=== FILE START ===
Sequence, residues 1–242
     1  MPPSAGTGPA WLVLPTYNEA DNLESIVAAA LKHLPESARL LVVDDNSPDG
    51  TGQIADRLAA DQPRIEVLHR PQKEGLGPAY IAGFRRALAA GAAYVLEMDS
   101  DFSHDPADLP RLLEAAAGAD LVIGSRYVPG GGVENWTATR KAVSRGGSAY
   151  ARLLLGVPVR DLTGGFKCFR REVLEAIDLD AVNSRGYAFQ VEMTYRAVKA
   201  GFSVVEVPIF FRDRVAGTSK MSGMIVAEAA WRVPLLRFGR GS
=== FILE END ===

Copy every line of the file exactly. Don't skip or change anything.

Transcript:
Sequence, residues 1–242
     1  MPPSAGTGPA WLVLPTYNEA DNLESIVAAA LKHLPESARL LVVDDNSPDG
    51  TGQIADRLAA DQPRIEVLHR PQKEGLGPAY IAGFRRALAA GAAYVLEMDS
   101  DFSHDPADLP RLLEAAAGAD LVIGSRYVPG GGVENWTATR KAVSRGGSAY
   151  ARLLLGVPVR DLTGGFKCFR REVLEAIDLD AVNSRGYAFQ VEMTYRAVKA
   201  GFSVVEVPIF FRDRVAGTSK MSGMIVAEAA WRVPLLRFGR GS